Britain’s Financial Services Authority (FSA) will soon require financial institutions to hold more of their investments in “liquid” assets — not fine wine, but assets that banks and investment firms can sell quickly in a crisis, the Financial Times has reported. The rule may not prevent the next crisis, but invite it.
The point of the rule is to insulate financial firms and the broader economy from the kind of panic that engulfed world markets last year. When the regulation takes effect, which won’t be until after the recession has ended, financial firms that borrow more heavily from lenders on a short-term basis — that is, from lenders who can pull their money out in as little time as a matter of minutes – will also have to hold a bigger store of cash and “liquid” bonds in reserve.
That way, if a bank’s lenders were to desert it in a panic, the bank could sell its liquid bonds quickly without sacrificing those assets’ value. The bank could then use its cash and the proceeds from these sales to stay afloat.
So far, so good. But the problem is in the kind of investments that Britain considers liquid: “high-quality” government bonds.
Britain is stepping back into the trap that closed around the financial industry starting more than two years ago. It is lulling itself — and its financial industry — into thinking that a particular investment is safe because that investment has been safe in recent decades. Three years ago, mortgage-backed debt seemed, to lots of smart people, as safe and liquid an investment as . . . government bonds, until it didn’t anymore.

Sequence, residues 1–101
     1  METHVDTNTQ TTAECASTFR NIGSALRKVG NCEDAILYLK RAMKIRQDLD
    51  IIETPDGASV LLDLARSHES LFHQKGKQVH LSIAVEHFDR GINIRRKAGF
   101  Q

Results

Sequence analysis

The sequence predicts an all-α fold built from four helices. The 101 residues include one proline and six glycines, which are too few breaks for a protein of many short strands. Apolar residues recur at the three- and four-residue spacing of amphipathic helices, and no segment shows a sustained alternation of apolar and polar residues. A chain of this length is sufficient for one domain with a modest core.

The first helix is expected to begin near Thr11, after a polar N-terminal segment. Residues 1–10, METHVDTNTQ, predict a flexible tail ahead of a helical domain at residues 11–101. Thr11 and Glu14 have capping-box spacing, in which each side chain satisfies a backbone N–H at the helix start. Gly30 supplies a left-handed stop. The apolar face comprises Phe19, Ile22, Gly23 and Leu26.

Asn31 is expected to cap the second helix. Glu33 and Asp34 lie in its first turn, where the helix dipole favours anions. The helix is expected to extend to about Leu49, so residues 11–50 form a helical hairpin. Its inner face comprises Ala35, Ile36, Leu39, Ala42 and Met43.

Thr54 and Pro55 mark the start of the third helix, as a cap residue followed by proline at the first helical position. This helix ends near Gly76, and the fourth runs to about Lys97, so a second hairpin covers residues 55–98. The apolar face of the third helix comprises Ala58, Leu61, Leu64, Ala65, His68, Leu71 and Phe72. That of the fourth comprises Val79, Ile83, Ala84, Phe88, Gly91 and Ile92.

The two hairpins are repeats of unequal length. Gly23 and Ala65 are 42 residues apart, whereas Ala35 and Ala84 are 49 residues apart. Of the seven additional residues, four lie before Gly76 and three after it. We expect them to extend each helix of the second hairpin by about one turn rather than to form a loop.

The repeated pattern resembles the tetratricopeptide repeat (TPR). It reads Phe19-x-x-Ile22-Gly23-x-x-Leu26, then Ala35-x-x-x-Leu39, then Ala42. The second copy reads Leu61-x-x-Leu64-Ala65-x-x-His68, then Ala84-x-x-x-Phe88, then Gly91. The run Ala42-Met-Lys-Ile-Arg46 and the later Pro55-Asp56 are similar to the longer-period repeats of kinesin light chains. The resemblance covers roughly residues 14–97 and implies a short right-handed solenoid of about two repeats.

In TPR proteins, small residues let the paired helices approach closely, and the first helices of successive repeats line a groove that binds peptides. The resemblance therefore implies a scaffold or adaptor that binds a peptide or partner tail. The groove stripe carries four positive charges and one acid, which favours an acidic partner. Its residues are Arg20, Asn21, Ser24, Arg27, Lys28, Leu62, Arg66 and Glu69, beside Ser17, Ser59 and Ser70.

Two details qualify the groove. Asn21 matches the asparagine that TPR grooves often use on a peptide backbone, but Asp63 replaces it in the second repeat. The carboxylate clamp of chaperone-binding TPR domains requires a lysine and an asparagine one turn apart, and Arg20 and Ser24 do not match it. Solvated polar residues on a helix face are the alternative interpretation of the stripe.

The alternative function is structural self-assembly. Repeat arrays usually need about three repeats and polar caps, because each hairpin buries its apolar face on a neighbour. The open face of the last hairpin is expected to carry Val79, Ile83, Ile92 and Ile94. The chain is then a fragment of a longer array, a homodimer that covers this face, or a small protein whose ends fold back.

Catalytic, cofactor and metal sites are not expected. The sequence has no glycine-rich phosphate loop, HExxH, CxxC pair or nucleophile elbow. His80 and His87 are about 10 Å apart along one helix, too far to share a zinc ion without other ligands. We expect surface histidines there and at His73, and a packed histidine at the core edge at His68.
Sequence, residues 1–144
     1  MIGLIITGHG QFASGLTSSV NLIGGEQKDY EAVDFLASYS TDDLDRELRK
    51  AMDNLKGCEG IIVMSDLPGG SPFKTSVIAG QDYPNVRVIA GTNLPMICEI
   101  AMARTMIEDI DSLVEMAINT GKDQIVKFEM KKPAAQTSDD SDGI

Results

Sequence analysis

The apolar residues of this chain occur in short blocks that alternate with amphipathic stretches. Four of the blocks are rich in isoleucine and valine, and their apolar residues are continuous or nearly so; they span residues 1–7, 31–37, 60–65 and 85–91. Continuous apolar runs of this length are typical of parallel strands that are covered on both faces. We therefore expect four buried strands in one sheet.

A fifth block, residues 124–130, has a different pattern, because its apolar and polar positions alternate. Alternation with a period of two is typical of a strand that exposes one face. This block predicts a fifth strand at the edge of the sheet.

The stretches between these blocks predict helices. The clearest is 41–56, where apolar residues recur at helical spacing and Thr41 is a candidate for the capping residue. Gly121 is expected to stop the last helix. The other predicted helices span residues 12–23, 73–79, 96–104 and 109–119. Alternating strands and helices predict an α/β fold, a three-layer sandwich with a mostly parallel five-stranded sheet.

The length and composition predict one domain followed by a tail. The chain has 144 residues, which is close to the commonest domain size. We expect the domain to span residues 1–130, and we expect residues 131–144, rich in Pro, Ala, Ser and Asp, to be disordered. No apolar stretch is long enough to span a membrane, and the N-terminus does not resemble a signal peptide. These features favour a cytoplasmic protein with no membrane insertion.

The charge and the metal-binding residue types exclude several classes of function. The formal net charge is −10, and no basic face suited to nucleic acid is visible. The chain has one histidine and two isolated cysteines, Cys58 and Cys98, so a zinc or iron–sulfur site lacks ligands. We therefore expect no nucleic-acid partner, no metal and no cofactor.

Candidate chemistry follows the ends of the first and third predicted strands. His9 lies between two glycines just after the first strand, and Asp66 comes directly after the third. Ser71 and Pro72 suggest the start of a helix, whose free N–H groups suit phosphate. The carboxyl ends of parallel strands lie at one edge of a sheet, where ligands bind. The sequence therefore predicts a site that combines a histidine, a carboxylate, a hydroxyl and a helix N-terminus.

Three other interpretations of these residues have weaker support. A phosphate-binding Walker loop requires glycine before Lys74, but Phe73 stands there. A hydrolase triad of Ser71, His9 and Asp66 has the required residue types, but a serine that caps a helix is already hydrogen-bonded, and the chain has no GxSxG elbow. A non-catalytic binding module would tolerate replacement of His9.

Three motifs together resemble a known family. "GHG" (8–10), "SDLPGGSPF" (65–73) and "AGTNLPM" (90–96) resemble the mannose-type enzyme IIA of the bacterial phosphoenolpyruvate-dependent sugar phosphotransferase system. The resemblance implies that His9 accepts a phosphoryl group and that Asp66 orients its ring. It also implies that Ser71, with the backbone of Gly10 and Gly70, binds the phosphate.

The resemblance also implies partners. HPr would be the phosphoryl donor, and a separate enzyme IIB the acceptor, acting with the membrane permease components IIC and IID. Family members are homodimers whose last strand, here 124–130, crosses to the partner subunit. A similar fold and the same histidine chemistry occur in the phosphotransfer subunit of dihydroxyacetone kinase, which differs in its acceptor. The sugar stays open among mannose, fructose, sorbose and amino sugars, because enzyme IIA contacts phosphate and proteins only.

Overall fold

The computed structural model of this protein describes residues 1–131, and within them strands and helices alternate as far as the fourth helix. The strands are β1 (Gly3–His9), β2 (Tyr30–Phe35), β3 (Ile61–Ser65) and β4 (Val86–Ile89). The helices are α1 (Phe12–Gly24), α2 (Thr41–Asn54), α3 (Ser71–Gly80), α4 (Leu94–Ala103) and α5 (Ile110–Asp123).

The next financial crisis may not be a crisis of complex, structured debt securities, but a crisis of the simplest investment of all: government debt, as much of the West tests peacetime borrowing records.
Britain’s new rule could make such a crisis a little bit more likely. In pushing financial firms to buy more government debt, the government will create a bigger, captive investment class for much of that borrowing.
In such a crisis, government bonds wouldn’t be so liquid anymore, at least not at a price that wouldn’t bankrupt some of their sellers — just as happened with mortgage-backed securities starting in 2007.
With everyone selling government bonds rather than buying them, the financial firms’ supposedly protective investment would strangle them just when the government couldn’t raise new resources to rescue the companies.
British regulators, in their rule, are trying to protect the financial industry from “systemic” risk — but instead, they may create a new systemic risk.
It’s a lesson for the U.S. and other governments that are thinking about creating ”systemic-risk regulators” to protect the economy from the financial system. Such institutional efforts are likely to push more regulators to walk into the same trap as the FSA has.
Instead of determining liquid investments based on what’s liquid today, regulators should apply uniform borrowing limits across financial investments, because the biggest risk is the one that nobody sees.
— Nicole Gelinas, contributing editor to the Manhattan Institute’s City Journal, is author of the forthcoming After The Fall: Saving Capitalism from Wall Street — and Washington.